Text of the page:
In Georgia, a bill to cut all ties with the American Library Association is advancing

NPR writes

Those who’ve been trying to remove certain books from childrens’ sections at public libraries are now taking aim at what they see as a source of the problem: the American Library Association.

A growing number of states and local libraries are cutting ties with the nation’s predominant library professional association, saying the ALA has become too radical. On Thursday, a bill that would go further than any other passed the Georgia state Senate in a 33-to-20 vote and now heads to the House.

Republican state Sen. Larry Walker says he sponsored the legislation after discovering his library had received a $20,000 grant from the American Library Association to diversify its collection, adding books dealing with LGBTQ and BIPOC themes. Walker says he became determined to stop what he calls that “radical” organization from being “political indoctrination centers … promoting aberrant sexual behavior and socialist anti-American rhetoric.”

“I feel this is kind of being forced on our children and kind of shoved down our throat,” Walker said. “I’m a pretty tolerant individual, but this has gone too far.”

About eight other states, including Montana, Missouri, Texas and South Carolina, have also made moves to disassociate from the ALA. Some local libraries have opted out themselves. But Walker’s more sweeping bill, the first of its kind in the nation, would force all school and public libraries in Georgia to cut ties with the library association.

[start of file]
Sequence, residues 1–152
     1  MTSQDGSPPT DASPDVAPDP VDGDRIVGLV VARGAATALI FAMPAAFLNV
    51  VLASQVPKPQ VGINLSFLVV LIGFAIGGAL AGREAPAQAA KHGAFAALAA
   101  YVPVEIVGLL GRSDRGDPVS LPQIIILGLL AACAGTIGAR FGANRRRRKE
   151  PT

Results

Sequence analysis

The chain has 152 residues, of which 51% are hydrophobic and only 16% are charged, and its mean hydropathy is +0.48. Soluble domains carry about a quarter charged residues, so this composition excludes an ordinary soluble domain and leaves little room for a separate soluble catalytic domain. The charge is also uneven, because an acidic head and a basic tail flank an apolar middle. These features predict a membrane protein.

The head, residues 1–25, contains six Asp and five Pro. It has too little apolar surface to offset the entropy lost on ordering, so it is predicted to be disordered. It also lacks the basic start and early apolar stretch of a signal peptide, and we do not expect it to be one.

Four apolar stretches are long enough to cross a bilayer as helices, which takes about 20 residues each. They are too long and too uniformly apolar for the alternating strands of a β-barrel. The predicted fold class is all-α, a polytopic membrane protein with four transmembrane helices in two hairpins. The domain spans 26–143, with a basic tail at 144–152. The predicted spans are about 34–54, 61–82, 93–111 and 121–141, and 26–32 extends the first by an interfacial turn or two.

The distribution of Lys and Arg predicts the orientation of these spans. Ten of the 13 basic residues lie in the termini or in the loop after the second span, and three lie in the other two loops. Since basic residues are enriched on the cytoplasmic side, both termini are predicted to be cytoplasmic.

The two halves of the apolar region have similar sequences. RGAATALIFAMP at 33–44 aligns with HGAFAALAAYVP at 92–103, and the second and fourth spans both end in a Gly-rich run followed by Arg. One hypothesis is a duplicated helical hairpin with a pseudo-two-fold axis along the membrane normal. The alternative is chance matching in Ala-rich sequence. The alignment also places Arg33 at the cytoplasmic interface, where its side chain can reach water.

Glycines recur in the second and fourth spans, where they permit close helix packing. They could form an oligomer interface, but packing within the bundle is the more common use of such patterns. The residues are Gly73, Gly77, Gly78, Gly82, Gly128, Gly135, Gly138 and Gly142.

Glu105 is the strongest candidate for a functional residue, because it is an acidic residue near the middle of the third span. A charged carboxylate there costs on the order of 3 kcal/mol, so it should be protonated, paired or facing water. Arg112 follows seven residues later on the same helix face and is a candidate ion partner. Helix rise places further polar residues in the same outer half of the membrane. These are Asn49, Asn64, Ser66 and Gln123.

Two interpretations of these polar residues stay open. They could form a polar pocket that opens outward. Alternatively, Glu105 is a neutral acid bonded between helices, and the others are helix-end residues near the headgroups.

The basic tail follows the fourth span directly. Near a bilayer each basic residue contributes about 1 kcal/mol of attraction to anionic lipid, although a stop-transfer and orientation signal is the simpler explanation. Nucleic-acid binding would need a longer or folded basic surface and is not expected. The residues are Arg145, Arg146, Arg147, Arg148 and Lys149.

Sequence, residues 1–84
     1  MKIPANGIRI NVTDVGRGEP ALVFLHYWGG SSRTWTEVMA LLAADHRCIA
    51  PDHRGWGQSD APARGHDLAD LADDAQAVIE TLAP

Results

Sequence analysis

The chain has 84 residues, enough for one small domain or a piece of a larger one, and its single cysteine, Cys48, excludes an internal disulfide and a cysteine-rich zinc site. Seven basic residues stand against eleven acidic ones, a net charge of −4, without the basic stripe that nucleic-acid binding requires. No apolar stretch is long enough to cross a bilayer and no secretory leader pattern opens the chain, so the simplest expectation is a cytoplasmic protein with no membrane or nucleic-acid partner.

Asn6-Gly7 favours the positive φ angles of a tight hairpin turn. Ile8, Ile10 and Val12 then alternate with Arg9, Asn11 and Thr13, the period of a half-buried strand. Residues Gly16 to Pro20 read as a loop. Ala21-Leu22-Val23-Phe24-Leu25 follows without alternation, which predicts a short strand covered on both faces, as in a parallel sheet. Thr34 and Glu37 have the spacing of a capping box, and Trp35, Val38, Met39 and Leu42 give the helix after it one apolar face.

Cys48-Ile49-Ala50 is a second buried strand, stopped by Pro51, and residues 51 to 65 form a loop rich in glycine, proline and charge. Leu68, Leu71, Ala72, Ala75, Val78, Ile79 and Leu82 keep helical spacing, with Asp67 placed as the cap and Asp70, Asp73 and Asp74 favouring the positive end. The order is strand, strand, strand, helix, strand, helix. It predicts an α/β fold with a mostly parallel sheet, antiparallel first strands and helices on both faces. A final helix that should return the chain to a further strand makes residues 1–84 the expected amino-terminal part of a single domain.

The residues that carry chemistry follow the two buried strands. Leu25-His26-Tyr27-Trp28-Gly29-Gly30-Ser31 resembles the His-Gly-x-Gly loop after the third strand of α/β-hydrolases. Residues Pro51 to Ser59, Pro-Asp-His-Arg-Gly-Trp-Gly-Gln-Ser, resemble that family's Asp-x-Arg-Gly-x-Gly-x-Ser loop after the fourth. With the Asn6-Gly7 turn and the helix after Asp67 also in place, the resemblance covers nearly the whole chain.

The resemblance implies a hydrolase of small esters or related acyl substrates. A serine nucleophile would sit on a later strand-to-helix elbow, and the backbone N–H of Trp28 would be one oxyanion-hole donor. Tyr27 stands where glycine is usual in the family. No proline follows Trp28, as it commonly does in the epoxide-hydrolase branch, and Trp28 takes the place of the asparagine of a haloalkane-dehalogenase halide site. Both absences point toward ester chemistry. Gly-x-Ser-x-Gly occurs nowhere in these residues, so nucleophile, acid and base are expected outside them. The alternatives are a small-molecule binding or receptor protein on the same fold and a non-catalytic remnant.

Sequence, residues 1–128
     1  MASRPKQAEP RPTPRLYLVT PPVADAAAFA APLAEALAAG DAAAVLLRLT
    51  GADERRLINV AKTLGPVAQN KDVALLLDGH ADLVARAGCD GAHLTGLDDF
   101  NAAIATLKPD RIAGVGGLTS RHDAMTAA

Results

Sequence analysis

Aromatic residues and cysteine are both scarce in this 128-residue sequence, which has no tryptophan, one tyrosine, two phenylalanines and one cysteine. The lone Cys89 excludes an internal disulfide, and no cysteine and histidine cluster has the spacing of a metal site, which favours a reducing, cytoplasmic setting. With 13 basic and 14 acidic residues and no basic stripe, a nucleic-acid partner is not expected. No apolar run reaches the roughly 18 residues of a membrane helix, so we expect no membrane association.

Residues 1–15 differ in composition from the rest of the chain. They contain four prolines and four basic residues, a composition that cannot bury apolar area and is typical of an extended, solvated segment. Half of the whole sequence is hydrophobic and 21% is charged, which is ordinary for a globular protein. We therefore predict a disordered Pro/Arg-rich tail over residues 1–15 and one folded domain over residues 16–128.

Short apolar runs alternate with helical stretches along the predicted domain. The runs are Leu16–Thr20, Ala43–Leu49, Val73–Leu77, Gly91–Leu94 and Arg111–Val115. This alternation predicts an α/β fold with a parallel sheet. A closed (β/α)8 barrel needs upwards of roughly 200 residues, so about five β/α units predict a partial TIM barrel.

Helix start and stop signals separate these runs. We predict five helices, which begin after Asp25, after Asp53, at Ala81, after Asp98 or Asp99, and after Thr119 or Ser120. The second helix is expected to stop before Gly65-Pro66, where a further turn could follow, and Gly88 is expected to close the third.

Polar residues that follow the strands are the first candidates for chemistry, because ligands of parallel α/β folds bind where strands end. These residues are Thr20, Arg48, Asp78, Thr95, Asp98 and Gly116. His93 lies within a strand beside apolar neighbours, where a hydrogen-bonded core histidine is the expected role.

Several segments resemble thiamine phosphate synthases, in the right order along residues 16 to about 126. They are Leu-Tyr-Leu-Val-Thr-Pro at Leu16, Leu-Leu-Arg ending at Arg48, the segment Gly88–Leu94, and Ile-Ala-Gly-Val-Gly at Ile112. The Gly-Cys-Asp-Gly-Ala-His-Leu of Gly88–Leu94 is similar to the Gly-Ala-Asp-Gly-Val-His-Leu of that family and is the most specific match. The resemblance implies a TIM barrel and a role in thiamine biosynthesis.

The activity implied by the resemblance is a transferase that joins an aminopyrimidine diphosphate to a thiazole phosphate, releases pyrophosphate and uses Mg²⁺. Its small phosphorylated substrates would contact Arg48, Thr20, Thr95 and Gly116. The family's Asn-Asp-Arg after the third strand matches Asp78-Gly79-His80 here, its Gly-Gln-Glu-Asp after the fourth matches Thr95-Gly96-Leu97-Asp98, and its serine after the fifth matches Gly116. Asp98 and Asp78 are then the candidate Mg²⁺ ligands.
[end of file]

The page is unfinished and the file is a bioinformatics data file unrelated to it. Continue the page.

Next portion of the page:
Anti-ALA furor fueled by a social media post

The push against the ALA has been gaining steam ever since the group’s president, Emily Drabinski, celebrated her election to a one-year term as ALA president with a now-deleted social media post expressing excitement that the group would be led by someone like her, “a Marxist lesbian who believes that collective power is possible to build and can be wielded for a better world.”

Taylor Hawkins, with the conservative Christian lobbying group Frontline Policy Action, which helped draft and promote the Georgia legislation, points to an article by Drabinski in the academic journal The Library Quarterly a decade ago called “Queering The Catalog.”

“She discusses a strategy for queer library politics, directly injecting politics into the library,” Hawkins said. “This is an organization that cannot be trusted with influence over public libraries in the state of Georgia.”

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